Murzynek Bambo


Murzynek Bambo

"Murzynek Bambo" ("Bambo the Black child" or "Bambo the little Negro") is a children's poem by Polish author Julian Tuwim (September 1894 – December 1953), written in 1923 or '24. It is about a small black boy called Bambo, who lives in Africa.[1] The poem is familiar to most Polish children, but has been accused of promoting a stereotypical and demeaning view of Africans.[2]

Contents

Poem's content

The poem is sixteen lines long, arranged in eight rhyming couplets. It tells the story of Bambo, a young black African child, who goes to an African school. When he returns home, he fools around and is told off by his mother. He reacts by frowning. When offered milk by his mother, he runs off and climbs a tree. His mother tells him to have a bath, but he is afraid that his colour might wash off. His mother loves him though. The poem ends by saying that it is a shame that "black, happy Bambo" doesn't go to school with us.

Murzynek

The poem refers to Bambo as murzynek, the diminutive form of murzyn. Murzynek can be translated into English in a variety of ways, such as "black child" or "little Negro".[1] According to Patrycja Pirog, the word "'murzyn', which in the opinion of many Poles, including academics, is not offensive, is seen by black people as discriminatory and derogatory."[3] Etymologically, 'murzyn' comes from the same root as the English word 'moor'. Murzynek is also the name of a Polish chocolate cake.

Analysis

The poem is familiar to most Polish children[4] but has been accused of promoting a stereotypical[4] and demeaning[1] view of Africans.

Patrycja Pirog describes the post-colonial interpretation of the poem, which she characterizes as "one of the most popular images of the Negro":

One of many, the post-colonial interpretation of the poem ​​by Marcin Moskalewicza reveals tendencies to domination by Western culture, tendencies which were camouflaged by Tuwim. Briefly speaking, this is a story about how enlightened Europe tries to civilise the savage.... The school, bath and milk are symbols of civilisation, of washing away that which is impure and incompatible with high culture, until it is white and pure. Bambo instinctively runs away from this. Complying with the rules of the West means the loss of his identity. [The word] 'Koleżka' means civilisational and cultural immaturity. Bambo is characterised as good, cheerful, black – the Enlightenment myth of the good savage, creating an opposition to that which is white and rational.[5]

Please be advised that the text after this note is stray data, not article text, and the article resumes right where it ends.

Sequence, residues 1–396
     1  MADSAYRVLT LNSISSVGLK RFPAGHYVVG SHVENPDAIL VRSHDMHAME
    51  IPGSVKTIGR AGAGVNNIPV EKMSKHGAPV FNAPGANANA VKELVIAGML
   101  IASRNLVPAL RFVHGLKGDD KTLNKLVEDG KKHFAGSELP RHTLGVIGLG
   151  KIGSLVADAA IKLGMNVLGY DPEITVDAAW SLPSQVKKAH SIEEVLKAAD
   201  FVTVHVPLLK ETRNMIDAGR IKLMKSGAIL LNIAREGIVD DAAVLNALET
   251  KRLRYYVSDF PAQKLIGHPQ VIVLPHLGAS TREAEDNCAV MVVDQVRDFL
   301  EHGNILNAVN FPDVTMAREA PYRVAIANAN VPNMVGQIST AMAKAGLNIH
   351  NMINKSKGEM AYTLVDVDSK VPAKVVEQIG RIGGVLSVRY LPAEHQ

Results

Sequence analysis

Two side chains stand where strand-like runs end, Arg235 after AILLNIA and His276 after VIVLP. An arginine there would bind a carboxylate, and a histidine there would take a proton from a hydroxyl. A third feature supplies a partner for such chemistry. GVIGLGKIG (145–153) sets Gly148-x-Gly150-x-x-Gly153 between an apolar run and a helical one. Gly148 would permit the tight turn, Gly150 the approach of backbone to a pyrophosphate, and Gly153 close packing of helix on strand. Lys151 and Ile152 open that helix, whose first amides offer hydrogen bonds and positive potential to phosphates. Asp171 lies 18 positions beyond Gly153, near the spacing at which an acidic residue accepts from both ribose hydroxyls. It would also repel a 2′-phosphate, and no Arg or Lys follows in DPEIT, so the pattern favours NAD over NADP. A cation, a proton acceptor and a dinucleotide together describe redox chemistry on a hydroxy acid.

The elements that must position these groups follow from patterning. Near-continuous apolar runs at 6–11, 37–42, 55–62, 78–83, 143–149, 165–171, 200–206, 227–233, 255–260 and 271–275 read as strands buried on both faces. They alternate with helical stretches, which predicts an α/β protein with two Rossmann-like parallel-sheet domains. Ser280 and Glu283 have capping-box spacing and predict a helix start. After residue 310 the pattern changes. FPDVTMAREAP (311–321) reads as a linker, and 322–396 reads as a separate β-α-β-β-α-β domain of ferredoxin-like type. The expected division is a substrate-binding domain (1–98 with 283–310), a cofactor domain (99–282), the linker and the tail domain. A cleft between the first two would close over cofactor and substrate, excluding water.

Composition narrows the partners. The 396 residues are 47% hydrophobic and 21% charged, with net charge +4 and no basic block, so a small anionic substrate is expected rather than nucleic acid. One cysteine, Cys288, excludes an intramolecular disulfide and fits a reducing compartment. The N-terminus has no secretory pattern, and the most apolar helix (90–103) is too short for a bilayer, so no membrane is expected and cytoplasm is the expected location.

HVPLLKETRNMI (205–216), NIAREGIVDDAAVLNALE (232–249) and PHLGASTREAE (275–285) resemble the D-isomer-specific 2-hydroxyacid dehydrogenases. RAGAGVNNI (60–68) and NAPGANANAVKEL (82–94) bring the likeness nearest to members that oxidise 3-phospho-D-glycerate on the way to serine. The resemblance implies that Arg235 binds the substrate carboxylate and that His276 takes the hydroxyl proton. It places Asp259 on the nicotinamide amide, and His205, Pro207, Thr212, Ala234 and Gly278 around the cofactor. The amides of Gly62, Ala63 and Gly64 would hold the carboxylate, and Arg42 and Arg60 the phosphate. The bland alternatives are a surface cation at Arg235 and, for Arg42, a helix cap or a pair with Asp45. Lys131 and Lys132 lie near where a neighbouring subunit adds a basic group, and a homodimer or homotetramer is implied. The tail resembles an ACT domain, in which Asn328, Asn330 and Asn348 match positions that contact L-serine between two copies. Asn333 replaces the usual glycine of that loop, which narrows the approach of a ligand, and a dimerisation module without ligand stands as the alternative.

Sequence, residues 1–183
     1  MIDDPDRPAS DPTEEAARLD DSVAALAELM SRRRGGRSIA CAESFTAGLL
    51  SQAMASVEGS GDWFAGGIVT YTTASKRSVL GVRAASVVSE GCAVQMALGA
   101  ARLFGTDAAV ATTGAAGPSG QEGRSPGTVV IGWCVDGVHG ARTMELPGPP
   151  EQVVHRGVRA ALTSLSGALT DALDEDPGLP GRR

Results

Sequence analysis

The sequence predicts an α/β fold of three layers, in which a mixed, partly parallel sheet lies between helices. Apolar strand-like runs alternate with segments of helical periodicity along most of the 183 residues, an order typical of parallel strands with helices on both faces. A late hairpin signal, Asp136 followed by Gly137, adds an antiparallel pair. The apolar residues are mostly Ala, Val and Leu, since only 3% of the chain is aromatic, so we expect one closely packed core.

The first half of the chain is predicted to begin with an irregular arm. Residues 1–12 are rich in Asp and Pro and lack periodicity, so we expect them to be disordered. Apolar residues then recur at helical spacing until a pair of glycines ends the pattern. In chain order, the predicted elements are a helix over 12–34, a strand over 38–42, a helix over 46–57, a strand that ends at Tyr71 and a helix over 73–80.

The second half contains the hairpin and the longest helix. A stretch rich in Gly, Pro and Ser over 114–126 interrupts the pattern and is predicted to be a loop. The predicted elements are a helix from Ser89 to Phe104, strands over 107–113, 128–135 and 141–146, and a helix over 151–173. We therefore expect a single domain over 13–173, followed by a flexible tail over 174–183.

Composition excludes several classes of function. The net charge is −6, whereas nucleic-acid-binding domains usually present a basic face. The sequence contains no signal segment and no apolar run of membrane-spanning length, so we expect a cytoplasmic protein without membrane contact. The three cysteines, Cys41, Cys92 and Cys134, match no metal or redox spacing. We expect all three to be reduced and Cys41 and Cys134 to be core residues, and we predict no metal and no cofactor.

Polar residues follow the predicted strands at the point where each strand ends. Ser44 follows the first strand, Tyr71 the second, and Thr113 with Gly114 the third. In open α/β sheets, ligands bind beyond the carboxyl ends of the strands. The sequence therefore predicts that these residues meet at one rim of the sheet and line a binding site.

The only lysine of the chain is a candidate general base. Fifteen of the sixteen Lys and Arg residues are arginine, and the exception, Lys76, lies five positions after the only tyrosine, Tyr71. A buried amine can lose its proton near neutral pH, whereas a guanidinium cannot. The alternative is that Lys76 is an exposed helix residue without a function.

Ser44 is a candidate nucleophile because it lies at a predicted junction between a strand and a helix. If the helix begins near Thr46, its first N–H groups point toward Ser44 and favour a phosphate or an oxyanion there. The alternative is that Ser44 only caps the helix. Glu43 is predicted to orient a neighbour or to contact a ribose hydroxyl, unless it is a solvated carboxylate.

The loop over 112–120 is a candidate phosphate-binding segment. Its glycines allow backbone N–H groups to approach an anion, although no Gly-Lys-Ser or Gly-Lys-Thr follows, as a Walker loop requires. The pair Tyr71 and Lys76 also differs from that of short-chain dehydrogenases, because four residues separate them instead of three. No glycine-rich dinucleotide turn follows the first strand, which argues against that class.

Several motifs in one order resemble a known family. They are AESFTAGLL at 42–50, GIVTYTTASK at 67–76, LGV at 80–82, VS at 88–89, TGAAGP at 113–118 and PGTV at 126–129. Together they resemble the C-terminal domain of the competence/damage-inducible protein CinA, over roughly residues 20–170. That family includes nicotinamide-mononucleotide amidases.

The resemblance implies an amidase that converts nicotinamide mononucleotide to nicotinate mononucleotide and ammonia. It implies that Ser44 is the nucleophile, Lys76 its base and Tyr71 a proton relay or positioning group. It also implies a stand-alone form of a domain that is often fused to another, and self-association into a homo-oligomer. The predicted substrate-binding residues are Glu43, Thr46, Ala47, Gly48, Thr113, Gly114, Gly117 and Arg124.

Others argue that the poem should be seen in the context of its time, and that commentators should not go overboard in analysing it.[6] And journalist Adam Kowalczyk says that he "did not become a racist" because of reading the poem.[7] Journalist Ewa Trzeszczkowska, writing on Wyborcza.pl, describes how she identifies with Bambo: "For me, this work was and is a cheerful story about a naughty boy from a distant, exotic country, that, although so distant – both the country and a boy – is also similar to me. He has a joy of life which is expressed, amongst other ways, in the climbing of the trees (I climbed them too), and has a slight note of defiance, independence, liberty. Which was and is close to me!" Indeed, she claims that she does not suspect "the author of these words of bad intentions".[8]

References

  1. ^ a b c Murzynek Bambo w Afryce mieszka ("Bambo the Black child lives in Africa"), or how the Polish culture created its Negro., Historia Sztuki
  2. ^ Czy Murzynek Bambo to rasistowski wierszyk?, TVP2 (video, in Polish)
  3. ^ "Murzynek Bambo w Afryce mieszka", czyli jak polska kultura stworzyła swojego "Murzyna", '"Murzyn", który zdaniem wielu Polaków, w tym także naukowców, nie jest obraźliwy, uznawany jest przez osoby czarnoskóre za dyskryminujący i uwłaczający.' (in Polish)
  4. ^ a b Czy "Murzynek Bambo" obraża Afrykanów?, Gazeta.pl (in Polish)
  5. ^ "Murzynek Bambo w Afryce mieszka", czyli jak polska kultura stworzyła swojego "Murzyna"
  6. ^ Murzynek Bambo dla licealistów?, Colemi.pl (in Polish)
  7. ^ Huckleberry Finn a Murzynek Bambo, Debata.olsztyn.pl (in Polish)
  8. ^ O Murzynku Bambo raz jeszcze – list, Wyborcza.pl (in Polish)

See also


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Look at other dictionaries:

  • Murzyn — is a Polish word for a black person. It is seen by some as a neutral word,[1] but others consider it to have pejorative connotations.[2] Notably, the noun murzyn appears in a popular Polish saying which referres to any menial work performed by a… …   Wikipedia

  • koleżka — m odm. jak ż III, CMs. koleżkażce; lm M. ci koleżkakowie, te koleżkaki, DB. koleżkaków pot. pouf. «bliski kolega, towarzysz; kompan; młody kolega» Grono koleżków. Popił sobie z koleżkami. Murzynek Bambo w Afryce mieszka, czarną ma skórę ten nasz… …   Słownik języka polskiego